Women, do you ever catch your husband digging through your makeup bag to borrow your concealer? How about your eye shadow and mascara? Pay attention!
I stumbled upon this article yesterday in the New York Times:
Whether they admit it or not, more men are using cosmetics, judging from sales figures and the number of new products arriving on store shelves. But please don’t call it “makeup” — cosmetics marketers pointedly steer clear of the term, which men tend to find emasculating.
For some reason, articles about the growing popularity of makeup for men turn up every few years, primarily during the slow news season: I remember the last one I read being about some fancy men's concealer Yves Saint Laurent had launched, Touche Eclat.
Ever since the New York Times started its Style section and "T" fashion magazine, there have been more and more articles about men's fashion fads, no doubt to please Times advertisers. Remember the obsession with the term "metrosexual?" How about those men's girdles disguised as sports briefs?
But this makeup for men meme-spreading effort is particularly annoying.
Just to be clear: if guys choose to wear makeup, that's fine with me from an aesthetic point of view. It can be sexy on the right kind of guy -- or even the wrong kind.
What offends me is the old chestnut about men being too ashamed to shop at the Clinique counter at Bloomingdales, amid all the mascara and lipsticks, to buy a product like concealer.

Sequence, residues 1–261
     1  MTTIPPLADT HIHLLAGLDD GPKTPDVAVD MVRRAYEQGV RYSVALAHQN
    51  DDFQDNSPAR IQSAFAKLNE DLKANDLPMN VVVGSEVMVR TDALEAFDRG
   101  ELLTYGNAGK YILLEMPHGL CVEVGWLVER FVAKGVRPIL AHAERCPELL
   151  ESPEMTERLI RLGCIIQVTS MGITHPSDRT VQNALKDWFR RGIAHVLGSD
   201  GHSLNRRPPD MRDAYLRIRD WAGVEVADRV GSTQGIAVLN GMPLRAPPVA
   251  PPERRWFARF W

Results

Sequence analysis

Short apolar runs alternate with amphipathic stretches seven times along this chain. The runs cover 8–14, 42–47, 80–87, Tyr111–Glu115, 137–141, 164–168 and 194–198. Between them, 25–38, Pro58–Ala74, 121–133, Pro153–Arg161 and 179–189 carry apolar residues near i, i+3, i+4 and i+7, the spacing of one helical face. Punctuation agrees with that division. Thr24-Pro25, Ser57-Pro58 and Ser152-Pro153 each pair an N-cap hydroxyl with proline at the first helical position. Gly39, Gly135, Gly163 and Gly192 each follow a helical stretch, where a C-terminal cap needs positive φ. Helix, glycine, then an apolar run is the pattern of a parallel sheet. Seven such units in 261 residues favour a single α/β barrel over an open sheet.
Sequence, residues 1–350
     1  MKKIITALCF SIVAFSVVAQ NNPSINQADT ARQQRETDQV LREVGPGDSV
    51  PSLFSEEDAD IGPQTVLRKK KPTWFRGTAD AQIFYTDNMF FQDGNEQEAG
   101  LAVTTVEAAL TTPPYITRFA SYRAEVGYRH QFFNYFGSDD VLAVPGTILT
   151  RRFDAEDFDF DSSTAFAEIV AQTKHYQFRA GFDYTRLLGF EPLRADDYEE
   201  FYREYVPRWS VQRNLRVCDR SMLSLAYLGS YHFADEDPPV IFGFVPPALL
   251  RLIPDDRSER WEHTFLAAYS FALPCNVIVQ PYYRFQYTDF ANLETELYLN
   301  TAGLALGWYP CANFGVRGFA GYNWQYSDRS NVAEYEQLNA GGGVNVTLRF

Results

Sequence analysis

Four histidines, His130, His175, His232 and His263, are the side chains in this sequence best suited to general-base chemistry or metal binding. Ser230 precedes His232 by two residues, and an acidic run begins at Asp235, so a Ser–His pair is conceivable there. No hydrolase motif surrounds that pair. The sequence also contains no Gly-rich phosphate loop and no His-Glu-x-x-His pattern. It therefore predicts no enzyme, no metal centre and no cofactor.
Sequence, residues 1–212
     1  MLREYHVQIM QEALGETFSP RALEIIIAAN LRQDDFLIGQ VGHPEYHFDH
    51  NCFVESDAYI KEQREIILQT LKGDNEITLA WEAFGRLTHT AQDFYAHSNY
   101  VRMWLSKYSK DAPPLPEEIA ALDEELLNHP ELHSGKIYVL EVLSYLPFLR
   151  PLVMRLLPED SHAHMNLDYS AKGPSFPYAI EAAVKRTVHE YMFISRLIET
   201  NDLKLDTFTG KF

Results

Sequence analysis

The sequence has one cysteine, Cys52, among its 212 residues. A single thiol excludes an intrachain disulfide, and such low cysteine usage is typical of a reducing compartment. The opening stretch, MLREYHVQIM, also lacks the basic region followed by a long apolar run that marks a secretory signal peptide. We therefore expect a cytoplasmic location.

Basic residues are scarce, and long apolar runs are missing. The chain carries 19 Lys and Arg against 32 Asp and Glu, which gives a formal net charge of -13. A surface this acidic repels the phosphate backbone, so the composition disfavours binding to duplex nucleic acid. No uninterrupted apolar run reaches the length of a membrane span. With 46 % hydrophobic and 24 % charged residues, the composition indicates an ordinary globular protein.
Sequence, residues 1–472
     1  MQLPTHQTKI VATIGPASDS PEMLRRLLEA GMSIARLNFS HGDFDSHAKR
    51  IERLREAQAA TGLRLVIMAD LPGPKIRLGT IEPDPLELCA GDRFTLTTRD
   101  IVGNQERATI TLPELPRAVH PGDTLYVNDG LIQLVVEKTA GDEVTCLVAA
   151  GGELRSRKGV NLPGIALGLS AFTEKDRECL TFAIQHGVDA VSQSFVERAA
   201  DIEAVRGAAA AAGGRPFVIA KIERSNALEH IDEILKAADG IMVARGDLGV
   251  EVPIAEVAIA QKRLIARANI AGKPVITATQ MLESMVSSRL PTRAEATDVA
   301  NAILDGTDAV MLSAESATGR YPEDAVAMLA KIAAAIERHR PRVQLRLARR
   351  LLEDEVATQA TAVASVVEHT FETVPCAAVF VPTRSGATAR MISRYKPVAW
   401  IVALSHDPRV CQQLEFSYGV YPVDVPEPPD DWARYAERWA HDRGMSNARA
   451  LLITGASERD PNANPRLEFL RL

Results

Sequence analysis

Do we men really need our own product lines? Is masculinity that fragile that men can't be caught buying Physician's Formula mineral foundation?
This "bull market" in men's cosmetics is, pardon the pun, bull -- sales figures notwithstanding. It's all marketing and its all-too-predictable effects. The New York Times is willing to help spread the word: men want (and need) to look younger and prettier -- just like their female counterparts.
Now I'm no towering model of masculinity, but do you know what I use on my skin?
Not one thing.
I don't use soap; I rinse my face with water. If my skin feels dry during the winter, say, from wind or swimming in a chlorinated pool, I rub my face with -- remember, you heard it here first -- almond oil, and rinse off the excess. Oil is a great dirt remover, too, and it protects the skin. That really is it. A great way to exfoliate is to have a good sweat from some intense aerobic exercise like running; my skin always feels smoother afterwards.
Maybe not the best system for an acne-prone teenager, but it works for me.
But back to makeup.
Author Quentin Crisp generally wore powder and lipstick and it was considered quite shocking at the time.
But he was the type you might expect to wear make up (wink wink.)
The New York Times would have us believe that the time has come when even "a Customs and border-protection officer who is 6-foot-3 and weighs 240 pounds — and whose uniform includes a 9-millimeter handgun" is wearing concealer.
Get it? (NOT a pansy!)
Readers, what do you think?
Do the landfills of the world need more empty plastic bottles of men's grooming products? Do guys need to slather our skin with more toxins to make ourselves more appealing? Do you prefer men with nicely groomed eyebrows and a clear complexion?
Ever caught hubby with his hands in the foundation jar?
I'm a native New Yorker and self-taught home sewing fanatic! I started sewing in 2009 and today make all my own clothes using mainly vintage patterns and vintage sewing machines. Welcome to the warm and whimsical world of Male Pattern Boldness, where the conversation is sewing, style, fashion, fabric, and more!